The incidence of healthcare costs at the metropolitan level differs from that experienced at the national level; thus, the cost of labor will also differ. The analysis parallels that for the property tax that features both national and local incidence. At the national level, most economists argue (see Pauly  for a detailed discussion) that healthcare costs are just one component of labor compensation. If workers are not likely to leave the national market or country to receive improved labor compensation, then they will be less responsive to changes in compensation than will their employer counterparts, and, thus, the cost of healthcare will be borne by laborers, even if they do not officially write the check (similar to property tax incidence--assuming that property does not leave the country). Furthermore, national evidence on inflation-adjusted benefit compensation growth from 1982-2003 (0.9% annual growth) in excess of wage and salary compensation growth (0.6% annual growth) is consistent with this claim. (See the Economic Report of the President 2004, Tables B-48 and B63).
At the local level, however, the compensation elasticity for laborers is surely much higher; that is, if employers (or healthcare providers) shift payment onto labor, more laborers will leave or be less inclined to move to a particular geographic area. Differences in healthcare costs across metropolitan areas, for similar quality healthcare, can be treated as excise taxes related to living in particular areas. Over time, workers--especially those with significant human capital and mobility--will leave high healthcare cost areas in search of areas with lower costs, all else equal (similar to responses to a local property tax rate higher than the national average). Of course, these cost differences must be of sufficient magnitude to make such movement worthwhile. This study does not attempt to evaluate this argument but simply uses the argument as motivation to study the differences in healthcare costs across metropolitan areas.
In the April 2001 Part II issue of Health Services Research devoted to assessing the data needs for studies of healthcare competition, Baker (2001) identifies five areas for the measurement of competition that deserve analytical scrutiny: product and competitors of interest, geographic market areas, measures of competition, changes in competitive dynamics, and the role of managed care. This study contributes to the first category by defining a measure of hospital costliness for commercial payers. It uses metropolitan statistical area definitions, consistent with much existent literature, but acknowledges that service area measures such as defined by Makuc et al. (1991) or hospital referral regions as defined in the Dartmouth Atlas (2004) project would be an improvement. Lack of data availability, however, limits implementation of either definition. To measure competition, the study uses both Baker's recommended Herfindahl Hirschman indicator (HHI) of competition and the Wholey et al. (1995) measure for HMOs. The regression results reported below focus on the levels of various indicators for three years--1990, 1995 and 2000; thus, competitive dynamics are reflected by differences in the demographic, hospital sector and HMO sector across the 20 MSAs. Various indicators of the market role played by HMOs represent the role of managed care. In short, this study has attempted to make both empirical and conceptual progress on all of the areas identified by Baker.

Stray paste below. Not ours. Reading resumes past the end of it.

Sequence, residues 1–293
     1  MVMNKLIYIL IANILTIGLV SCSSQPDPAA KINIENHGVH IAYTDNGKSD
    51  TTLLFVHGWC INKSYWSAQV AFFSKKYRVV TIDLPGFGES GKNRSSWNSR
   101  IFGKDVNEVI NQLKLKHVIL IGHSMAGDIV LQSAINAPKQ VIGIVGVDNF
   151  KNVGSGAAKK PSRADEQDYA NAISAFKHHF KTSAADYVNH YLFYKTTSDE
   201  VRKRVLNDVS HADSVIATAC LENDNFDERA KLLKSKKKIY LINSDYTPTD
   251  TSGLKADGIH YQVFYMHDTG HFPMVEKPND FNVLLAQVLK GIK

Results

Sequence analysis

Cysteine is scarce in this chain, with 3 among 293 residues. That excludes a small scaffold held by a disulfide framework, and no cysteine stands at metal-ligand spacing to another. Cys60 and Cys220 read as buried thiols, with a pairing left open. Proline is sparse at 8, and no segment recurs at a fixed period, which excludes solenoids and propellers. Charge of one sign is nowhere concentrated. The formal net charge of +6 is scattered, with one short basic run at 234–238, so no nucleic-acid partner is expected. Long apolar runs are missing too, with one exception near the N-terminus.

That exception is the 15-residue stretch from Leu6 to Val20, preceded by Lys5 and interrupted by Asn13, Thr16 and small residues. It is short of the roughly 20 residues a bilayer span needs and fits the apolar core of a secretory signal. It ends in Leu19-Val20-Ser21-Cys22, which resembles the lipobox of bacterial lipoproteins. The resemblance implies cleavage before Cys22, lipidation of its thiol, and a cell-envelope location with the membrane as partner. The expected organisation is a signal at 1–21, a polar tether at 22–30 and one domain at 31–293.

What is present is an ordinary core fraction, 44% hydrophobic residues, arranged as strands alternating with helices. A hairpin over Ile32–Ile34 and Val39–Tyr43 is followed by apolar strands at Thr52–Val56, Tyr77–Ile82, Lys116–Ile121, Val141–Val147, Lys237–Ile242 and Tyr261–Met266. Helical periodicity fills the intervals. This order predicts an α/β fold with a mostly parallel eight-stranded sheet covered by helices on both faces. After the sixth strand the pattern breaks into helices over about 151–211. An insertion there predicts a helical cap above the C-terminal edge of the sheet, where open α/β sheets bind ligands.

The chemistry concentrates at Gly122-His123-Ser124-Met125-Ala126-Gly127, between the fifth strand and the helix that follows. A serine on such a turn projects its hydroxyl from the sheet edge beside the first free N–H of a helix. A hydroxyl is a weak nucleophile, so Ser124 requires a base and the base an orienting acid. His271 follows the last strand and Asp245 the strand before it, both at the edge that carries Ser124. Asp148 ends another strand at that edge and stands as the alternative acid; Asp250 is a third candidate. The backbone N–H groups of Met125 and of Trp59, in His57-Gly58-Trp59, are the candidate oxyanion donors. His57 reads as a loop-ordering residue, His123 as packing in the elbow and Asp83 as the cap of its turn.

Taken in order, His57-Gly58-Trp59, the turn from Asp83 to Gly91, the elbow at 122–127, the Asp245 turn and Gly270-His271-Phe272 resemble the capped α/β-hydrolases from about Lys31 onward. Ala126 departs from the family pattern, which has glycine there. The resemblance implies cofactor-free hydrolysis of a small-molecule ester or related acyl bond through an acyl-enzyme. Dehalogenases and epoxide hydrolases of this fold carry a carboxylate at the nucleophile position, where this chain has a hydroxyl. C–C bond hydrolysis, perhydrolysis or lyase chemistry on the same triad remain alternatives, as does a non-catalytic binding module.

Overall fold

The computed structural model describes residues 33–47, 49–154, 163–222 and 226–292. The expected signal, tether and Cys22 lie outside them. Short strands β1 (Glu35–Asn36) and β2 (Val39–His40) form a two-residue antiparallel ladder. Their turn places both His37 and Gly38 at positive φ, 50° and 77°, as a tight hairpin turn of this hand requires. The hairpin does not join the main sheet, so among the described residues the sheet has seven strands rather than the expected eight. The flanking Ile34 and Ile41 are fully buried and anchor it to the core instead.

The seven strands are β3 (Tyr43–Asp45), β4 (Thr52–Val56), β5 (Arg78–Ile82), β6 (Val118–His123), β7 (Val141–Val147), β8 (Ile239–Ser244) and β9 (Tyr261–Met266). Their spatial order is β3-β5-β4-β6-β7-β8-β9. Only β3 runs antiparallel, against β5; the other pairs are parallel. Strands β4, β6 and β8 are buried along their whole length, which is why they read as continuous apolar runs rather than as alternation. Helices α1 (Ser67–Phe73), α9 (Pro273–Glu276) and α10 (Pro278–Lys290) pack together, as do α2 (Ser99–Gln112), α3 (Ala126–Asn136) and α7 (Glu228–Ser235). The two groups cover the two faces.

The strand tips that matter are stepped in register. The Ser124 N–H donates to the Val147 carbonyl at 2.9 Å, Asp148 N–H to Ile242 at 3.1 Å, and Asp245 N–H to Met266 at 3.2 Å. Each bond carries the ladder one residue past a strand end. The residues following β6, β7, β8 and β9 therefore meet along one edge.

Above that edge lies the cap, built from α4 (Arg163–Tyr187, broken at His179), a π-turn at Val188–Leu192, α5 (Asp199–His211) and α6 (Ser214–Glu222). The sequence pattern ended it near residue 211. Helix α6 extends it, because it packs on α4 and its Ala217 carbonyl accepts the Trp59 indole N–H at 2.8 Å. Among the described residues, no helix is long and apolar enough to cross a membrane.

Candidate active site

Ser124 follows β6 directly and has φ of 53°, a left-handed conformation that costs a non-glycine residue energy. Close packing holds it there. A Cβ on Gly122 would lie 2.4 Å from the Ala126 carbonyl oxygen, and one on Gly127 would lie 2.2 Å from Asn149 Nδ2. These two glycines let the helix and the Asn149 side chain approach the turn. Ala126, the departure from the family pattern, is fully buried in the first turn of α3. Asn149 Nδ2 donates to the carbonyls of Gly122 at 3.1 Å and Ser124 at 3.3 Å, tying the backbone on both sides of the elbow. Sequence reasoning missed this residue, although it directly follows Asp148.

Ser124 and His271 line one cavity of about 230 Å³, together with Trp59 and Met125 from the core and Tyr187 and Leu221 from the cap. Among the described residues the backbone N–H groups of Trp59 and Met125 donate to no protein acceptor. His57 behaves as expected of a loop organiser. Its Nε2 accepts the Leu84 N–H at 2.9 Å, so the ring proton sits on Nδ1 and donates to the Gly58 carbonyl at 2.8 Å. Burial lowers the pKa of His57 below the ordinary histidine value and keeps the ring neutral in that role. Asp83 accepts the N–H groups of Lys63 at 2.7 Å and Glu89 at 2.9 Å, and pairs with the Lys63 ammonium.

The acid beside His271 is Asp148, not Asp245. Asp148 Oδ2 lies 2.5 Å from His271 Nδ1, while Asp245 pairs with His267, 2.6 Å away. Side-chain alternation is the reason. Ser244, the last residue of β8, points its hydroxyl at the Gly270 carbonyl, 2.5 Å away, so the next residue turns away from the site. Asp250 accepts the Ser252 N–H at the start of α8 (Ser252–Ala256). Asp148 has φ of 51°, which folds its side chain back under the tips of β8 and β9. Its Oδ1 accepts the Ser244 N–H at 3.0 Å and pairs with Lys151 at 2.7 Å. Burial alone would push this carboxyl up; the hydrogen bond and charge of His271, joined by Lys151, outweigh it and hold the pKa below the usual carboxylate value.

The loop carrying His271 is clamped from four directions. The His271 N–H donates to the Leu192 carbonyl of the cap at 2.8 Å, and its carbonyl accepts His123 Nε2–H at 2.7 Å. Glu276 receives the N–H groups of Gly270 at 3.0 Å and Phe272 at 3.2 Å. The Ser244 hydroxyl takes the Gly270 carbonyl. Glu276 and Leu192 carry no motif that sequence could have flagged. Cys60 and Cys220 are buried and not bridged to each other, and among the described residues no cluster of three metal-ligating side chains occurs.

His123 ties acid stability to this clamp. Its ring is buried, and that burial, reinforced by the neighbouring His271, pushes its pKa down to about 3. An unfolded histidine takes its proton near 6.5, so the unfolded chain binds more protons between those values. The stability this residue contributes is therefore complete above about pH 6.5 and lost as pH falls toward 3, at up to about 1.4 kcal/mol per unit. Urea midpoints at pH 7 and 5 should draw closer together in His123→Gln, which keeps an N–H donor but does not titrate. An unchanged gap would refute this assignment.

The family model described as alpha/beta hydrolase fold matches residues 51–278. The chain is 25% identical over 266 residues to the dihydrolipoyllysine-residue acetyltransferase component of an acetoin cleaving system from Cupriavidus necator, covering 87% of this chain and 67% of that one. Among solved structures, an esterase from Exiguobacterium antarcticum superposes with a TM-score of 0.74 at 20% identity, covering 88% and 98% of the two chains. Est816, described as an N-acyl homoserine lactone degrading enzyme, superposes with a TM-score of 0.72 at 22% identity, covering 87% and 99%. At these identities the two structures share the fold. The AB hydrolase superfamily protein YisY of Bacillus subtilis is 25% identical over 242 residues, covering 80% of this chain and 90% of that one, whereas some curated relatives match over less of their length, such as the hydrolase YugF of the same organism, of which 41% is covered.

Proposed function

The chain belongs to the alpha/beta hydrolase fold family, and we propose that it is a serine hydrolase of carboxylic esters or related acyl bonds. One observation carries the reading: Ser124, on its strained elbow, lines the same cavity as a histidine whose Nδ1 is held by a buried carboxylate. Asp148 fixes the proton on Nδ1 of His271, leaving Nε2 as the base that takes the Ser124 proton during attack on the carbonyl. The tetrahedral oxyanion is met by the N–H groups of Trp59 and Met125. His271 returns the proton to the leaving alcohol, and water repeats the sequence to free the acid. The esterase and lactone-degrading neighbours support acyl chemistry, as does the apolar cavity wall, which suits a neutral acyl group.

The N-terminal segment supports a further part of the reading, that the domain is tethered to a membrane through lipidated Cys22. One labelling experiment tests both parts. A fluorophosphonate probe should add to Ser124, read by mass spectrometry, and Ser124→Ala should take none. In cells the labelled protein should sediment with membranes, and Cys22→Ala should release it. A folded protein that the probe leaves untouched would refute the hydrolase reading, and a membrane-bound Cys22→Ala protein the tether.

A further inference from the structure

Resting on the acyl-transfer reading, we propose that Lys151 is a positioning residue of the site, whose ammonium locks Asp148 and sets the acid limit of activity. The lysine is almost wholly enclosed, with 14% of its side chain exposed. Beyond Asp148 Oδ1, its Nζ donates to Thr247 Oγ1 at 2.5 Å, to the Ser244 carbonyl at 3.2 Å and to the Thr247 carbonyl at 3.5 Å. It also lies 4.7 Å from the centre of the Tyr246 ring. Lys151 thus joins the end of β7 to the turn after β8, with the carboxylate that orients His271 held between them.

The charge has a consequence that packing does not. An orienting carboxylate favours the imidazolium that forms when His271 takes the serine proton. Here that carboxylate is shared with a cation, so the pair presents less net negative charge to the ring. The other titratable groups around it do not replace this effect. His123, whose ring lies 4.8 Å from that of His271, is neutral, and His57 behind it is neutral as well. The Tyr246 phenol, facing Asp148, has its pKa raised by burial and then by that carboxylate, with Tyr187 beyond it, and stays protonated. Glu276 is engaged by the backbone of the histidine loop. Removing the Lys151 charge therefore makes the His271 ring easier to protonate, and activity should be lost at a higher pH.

SPECIFICATION AND DATA SOURCES
This study explores several cost indicators and regresses each on a hypothesized set of cost drivers for a panel of data from three years: 1990, 1995 and 2000. Since no comprehensive representation of healthcare costs exists at the metropolitan level, the study examines several specific segments of localized health markets. In contrast, the academic literature focuses either on the US or on state level analysis, while proprietary studies by large consulting firms, such as Mercer Human Resource Consulting, Hewitt Associates, or Milliman USA, tend to examine a segment of the employer base in terms of either available claims data or responses to surveys.
Since funding for this study came from Milwaukee-based Cobalt Corporation, a BlueCross and BlueShield (BCBS) Association member, the MSAs were selected from the same part of the country as Milwaukee. The 20 selected MSAs feature at least 400,000 residents in 2000 and are within 625 miles of Milwaukee. They stretch as far east as Pittsburgh, PA, as far south as Memphis, TN, as far west as Omaha, NE, and as far north as Minneapolis-St. Paul, MN.
One comprehensive representation of healthcare cost for those enrolled in HMOs is the PMPM premium. Of course, HMO plans differ within and across markets in their benefit structures and network breadth. Furthermore, the HMO penetration rate varies widely across markets (in 2000, penetration ranged from 11 percent in Memphis, TN to 61 percent in Madison, WI); so, HMO premiums provide only a partial portrait of healthcare cost differences across MSAs. These data are available from InterStudy for each year studied, and Wholey et al. (1995) has prorated HMO enrollment by county to generate MSA specific indicators.